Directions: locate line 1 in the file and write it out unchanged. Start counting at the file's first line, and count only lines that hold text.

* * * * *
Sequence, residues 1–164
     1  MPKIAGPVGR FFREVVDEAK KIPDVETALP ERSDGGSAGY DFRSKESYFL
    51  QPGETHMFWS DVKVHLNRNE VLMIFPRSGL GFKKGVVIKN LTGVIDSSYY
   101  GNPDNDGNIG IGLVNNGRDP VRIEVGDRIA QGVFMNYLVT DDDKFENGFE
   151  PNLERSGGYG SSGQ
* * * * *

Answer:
Sequence, residues 1–164